Mr. Fish: Well, I knew that I wanted to have a book that wasn’t just, like, the 101-things-to-do-with-a-dead-cat, zippy-cartoon type collection, where it was just either arranged according to the year the cartoon was produced, or anything like that. So I was hoping for some organizing principle to have a framework. And it happened almost immediately; I mean, I sat down and I said, why do I do what I do?—which I guess you just asked me; maybe this will help answer that. And I just felt the weight of the world all of a sudden, because [Laughs] that’s what I feel like I do, you know? Sort of like attack anything I can, or try to understand everything I can about existence. And then it just popped into my head, and I was just like, oh, the five stages would be interesting to break this down. And then I realized, in an instant, if I reversed the order and began with acceptance, and went to depression and then bargaining and then anger and then denial, it actually explained my process of work. You know, you wake up and you accept the fact that the world is how it is; and that is reality. And then with that acceptance comes a certain amount of depression, because it’s not all great, and there’s a lot of suffering that’s going on. And then you have to bargain your way through how you’re going to affect change or not affect change. And then you’re angry because what you do, it’s very incremental; you know, saving the world and avoiding doomsday. And then at the end of the day, you’re in denial in a couple of different ways; you’re in denial with the fruitlessness of your quest to change things, and you’re also in denial that you’re ever going to be able to do that. And the only way you’re going to be able to get up the next morning is if you are in denial. And that allows you to sleep, and then you can begin the process all over again.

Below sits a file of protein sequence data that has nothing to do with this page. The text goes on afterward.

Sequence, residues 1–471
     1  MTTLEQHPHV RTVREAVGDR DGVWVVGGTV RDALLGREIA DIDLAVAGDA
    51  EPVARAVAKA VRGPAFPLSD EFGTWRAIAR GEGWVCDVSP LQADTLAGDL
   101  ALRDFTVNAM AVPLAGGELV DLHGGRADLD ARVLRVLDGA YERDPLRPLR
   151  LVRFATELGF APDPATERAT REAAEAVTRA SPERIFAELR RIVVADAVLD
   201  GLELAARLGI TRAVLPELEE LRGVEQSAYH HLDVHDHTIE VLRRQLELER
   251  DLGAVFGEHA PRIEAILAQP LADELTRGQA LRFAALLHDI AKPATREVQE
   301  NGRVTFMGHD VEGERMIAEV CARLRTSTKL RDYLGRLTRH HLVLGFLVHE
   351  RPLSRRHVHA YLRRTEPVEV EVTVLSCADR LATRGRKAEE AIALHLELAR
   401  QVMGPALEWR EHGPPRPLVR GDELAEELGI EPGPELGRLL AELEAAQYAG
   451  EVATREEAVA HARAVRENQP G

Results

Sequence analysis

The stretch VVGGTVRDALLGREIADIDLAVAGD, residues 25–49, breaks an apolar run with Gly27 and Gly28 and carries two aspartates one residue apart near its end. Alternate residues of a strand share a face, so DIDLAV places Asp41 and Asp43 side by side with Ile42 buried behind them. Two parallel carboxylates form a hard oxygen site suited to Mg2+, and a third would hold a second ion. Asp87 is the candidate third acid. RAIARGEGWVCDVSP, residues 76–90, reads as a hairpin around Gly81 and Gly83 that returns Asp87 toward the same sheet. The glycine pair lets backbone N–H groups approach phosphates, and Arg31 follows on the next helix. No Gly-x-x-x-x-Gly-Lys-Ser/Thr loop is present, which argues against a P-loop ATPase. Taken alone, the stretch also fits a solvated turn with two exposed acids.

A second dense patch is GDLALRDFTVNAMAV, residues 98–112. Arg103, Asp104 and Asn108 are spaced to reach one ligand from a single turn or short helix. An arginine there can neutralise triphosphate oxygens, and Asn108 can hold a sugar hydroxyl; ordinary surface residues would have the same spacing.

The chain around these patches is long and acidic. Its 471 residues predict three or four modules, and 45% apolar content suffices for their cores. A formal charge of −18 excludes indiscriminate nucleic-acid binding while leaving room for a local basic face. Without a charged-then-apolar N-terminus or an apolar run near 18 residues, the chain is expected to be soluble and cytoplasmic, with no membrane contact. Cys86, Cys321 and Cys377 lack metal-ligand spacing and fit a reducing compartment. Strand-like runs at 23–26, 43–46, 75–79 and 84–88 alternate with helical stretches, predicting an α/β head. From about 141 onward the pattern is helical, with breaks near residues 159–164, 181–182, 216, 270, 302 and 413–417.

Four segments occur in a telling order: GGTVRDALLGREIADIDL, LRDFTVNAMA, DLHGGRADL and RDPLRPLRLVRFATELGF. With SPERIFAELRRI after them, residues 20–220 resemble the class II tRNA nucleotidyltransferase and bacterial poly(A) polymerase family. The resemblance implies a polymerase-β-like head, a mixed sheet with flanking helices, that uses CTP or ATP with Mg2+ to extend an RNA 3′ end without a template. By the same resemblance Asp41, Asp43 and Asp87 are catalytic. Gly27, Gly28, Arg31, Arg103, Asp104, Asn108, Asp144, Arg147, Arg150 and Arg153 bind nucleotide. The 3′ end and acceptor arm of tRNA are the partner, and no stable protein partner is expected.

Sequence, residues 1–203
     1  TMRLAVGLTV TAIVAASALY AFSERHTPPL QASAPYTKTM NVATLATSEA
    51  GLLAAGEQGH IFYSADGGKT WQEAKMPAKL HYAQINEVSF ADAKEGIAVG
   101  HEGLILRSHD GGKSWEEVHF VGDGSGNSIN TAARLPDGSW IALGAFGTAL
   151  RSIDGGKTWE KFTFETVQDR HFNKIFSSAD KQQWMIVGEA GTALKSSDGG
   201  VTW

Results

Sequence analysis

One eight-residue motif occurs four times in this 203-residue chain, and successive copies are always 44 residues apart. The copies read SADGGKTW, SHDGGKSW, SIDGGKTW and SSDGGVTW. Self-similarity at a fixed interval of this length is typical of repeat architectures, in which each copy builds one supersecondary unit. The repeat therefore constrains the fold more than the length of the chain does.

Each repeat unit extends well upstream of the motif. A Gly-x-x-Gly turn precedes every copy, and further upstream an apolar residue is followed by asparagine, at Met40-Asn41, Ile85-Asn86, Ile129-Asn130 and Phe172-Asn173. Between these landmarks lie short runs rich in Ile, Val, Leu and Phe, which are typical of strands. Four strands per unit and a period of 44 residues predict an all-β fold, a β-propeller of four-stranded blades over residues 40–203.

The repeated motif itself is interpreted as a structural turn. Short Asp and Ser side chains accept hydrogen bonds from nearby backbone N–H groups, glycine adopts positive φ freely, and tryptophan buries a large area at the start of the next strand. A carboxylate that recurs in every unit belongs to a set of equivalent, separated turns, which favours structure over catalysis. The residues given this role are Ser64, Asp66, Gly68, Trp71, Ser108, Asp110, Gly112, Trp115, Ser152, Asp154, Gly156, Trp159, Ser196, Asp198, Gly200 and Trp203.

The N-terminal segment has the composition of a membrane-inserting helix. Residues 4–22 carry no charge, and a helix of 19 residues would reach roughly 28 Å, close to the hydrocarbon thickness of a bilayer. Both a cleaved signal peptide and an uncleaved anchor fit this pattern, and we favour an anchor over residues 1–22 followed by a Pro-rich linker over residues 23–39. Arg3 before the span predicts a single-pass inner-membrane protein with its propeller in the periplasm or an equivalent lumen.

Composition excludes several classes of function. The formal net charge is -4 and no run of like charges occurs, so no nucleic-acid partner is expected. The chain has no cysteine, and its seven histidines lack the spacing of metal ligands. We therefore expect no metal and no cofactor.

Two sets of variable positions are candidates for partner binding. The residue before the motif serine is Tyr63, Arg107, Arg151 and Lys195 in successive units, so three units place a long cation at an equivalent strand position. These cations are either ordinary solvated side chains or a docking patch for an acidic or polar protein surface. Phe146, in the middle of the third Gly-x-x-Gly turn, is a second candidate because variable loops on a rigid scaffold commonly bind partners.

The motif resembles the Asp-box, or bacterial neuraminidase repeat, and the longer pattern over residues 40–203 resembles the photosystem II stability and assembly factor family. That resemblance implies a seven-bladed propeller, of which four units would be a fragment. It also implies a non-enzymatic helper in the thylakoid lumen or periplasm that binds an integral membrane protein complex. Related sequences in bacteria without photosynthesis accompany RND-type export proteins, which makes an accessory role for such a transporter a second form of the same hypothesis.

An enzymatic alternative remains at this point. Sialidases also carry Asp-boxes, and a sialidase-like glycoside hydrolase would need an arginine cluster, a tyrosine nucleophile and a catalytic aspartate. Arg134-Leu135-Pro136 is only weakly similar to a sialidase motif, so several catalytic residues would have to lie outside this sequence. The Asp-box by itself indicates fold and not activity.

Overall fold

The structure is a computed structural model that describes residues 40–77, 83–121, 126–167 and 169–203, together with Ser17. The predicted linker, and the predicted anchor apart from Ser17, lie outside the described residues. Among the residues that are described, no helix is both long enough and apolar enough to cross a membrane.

Kasia Anderson: Is there anything that you won’t cover in your editorial cartoons? Are there any topics that are off-limits to you, that you’re aware of?